(Another in a series of occasional articles by a softball fanatic)
When a softball player is in a batting slump, everyone wants to help, but no one can hide the fact that times are bad.
I began to learn the hard way about one-third of the way through this summer as I endured the worst slump of my career.
In a stretch of nine days, covering seven games, I came up with a total of five hits. At one point, I went hitless in 10 straight at bats. My previous career worst was six.
I was not hitting the ball as badly as the scorebook indicated, but that knowledge was as welcome as knowing the temporary euphoria produced by laughing gas will wear off in 35 minutes and for the rest of the day, I will discover how painful root canal work really is.
In one game, I hit two line drives, off the fat part of the bat, directly at the left nostril of the pitcher for Candance and the Fabulous Steps. Somehow, he caught both.
Earlier in that game, a ball I sliced down the right field line appeared to be a sure double to everyone in Wheaton, except the umpire who called it foul because she said she did not have a good view.
In another game, a 3-0 pitch bounced three feet in front of the plate. I tossed my bat to our bench , and jogged toward first base when the umpire bellowed, "Strike one." He said tossing the bat across the plate constituted a swing.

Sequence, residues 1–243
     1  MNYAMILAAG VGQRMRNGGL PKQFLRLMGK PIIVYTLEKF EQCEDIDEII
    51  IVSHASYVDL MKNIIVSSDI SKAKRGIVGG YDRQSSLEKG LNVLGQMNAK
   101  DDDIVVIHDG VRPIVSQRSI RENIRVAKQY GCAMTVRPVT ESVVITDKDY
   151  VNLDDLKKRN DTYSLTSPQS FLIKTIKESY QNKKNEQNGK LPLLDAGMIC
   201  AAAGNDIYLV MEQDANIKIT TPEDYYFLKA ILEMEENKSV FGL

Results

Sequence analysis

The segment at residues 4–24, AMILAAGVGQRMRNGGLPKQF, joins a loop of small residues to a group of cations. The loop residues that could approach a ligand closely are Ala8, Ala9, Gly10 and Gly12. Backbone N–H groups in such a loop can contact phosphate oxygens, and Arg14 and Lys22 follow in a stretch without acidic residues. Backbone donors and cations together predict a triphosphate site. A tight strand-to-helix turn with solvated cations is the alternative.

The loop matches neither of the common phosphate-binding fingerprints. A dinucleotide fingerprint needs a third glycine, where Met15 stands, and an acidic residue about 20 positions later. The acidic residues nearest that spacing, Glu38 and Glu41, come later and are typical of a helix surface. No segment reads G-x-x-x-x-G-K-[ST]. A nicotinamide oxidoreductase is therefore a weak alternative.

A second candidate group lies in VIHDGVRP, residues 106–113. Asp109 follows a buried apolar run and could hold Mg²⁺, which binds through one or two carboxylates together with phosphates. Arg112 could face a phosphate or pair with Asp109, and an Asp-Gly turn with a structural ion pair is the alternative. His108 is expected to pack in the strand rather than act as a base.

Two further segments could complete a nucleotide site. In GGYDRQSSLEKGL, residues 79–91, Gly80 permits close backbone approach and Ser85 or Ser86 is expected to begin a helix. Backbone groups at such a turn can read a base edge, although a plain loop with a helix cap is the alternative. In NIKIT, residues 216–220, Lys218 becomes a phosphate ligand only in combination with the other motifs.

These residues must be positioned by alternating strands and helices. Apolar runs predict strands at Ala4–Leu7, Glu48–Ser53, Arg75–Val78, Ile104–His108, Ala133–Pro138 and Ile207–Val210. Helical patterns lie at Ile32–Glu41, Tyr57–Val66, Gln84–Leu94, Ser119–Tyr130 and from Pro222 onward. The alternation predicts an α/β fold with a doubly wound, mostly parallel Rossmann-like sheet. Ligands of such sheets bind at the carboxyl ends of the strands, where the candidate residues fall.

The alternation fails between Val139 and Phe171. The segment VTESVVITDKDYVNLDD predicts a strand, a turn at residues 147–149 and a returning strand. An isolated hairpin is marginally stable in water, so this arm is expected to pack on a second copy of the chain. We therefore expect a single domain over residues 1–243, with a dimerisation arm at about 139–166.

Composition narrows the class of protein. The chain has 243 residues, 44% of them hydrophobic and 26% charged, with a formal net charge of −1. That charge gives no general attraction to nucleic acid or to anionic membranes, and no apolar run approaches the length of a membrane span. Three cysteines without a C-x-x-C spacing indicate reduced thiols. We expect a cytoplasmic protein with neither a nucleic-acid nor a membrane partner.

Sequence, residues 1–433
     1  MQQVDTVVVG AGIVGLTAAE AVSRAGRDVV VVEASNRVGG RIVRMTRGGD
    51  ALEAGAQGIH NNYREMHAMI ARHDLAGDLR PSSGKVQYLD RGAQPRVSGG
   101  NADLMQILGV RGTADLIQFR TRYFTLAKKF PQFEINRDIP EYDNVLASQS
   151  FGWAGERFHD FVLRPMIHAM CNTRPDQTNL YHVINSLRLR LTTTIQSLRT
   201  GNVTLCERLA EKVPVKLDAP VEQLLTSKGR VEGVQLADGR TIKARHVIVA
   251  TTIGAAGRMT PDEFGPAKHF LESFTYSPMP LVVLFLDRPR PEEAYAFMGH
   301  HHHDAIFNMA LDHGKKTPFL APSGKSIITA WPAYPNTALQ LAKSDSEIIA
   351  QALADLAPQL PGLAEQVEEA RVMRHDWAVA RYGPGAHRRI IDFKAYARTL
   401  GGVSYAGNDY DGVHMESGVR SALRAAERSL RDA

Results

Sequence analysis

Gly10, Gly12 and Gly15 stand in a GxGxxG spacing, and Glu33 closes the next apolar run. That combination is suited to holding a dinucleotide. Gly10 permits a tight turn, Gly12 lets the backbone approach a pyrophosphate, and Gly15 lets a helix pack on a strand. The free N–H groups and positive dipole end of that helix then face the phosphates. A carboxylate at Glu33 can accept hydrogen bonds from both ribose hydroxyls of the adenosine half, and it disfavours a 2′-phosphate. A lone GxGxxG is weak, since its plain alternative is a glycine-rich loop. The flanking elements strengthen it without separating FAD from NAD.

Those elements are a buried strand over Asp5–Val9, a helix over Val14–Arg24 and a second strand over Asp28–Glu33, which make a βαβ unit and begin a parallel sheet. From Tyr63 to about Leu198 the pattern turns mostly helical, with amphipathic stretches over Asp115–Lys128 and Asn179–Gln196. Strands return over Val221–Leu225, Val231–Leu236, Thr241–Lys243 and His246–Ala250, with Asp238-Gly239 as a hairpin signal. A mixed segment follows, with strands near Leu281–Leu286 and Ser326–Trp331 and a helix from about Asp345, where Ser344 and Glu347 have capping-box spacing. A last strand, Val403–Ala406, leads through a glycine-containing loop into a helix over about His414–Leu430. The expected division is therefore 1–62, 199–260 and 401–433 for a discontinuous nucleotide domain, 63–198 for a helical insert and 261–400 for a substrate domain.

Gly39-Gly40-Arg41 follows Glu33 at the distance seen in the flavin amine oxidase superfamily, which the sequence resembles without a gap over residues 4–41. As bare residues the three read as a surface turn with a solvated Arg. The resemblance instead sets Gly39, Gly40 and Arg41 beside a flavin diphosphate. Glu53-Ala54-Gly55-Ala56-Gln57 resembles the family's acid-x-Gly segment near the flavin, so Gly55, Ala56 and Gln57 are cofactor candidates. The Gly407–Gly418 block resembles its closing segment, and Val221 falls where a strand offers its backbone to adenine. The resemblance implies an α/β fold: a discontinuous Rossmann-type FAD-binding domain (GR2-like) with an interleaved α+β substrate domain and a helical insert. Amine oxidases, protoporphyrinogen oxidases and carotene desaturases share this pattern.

My teammates constantly tried to comfort and encourage me.
In one sequence in the on-deck area, one player suggested I use our lightest bat in order to get more snap from my wrists. Another strolled by and insisted I go for more power by using "The Meathead," the team's heaviest bat. Before that idea could be contemplated, another player said I should go back to using the wooden "Krasher" that I had used successfully for many years.
Bat selection really did not matter. I do not think anything was going to prevent the ensuing ground out to second base.
It is fact more than theory that when all of your bloops fall for hits, the trend follows off the field.
After back-to-back three-hit games earlier this year, the next day's mail brought a notice saying my car insurance was actually going to be lower for the next six months. And that weekend, the woman I met on a blind date was not only interesting and pretty, but she even agreed to go out with me again.
During a slump, however, all aspects of life turn negative.
After a zero-for-four game, I drove 22 miles home from the restaurant the team had gone after the game only to discover I was not longer in possession of my wallet. Hoping to find the wallet somewhere in the darkness, I took a flashlight out of a kitchen drawer, and the bulb and batteries promptly discharged from the top, breaking the bulb.
After the 22-mile trek back, I amazingly found the wallet in the parking lot. Still disgusted about the entire day upon arriving home, I plopped into a director's chair -- and rapidly hit the floor when the cloth seat ripped into separate halves. You are on some kind of roll when the highlight of the day is not losing your wallet.
The following afternoon, I was helping a new acquaintance move into her just-purchased townhouse, hoping it could at least lead to dinner. Instead, three hours of carrying furniture and boxes ended when what turned out to be her boyfriend suddenly appeared in the doorway. I quickly surmised it was time to go for some extra hitting practice at the batting cages in Burtonsville.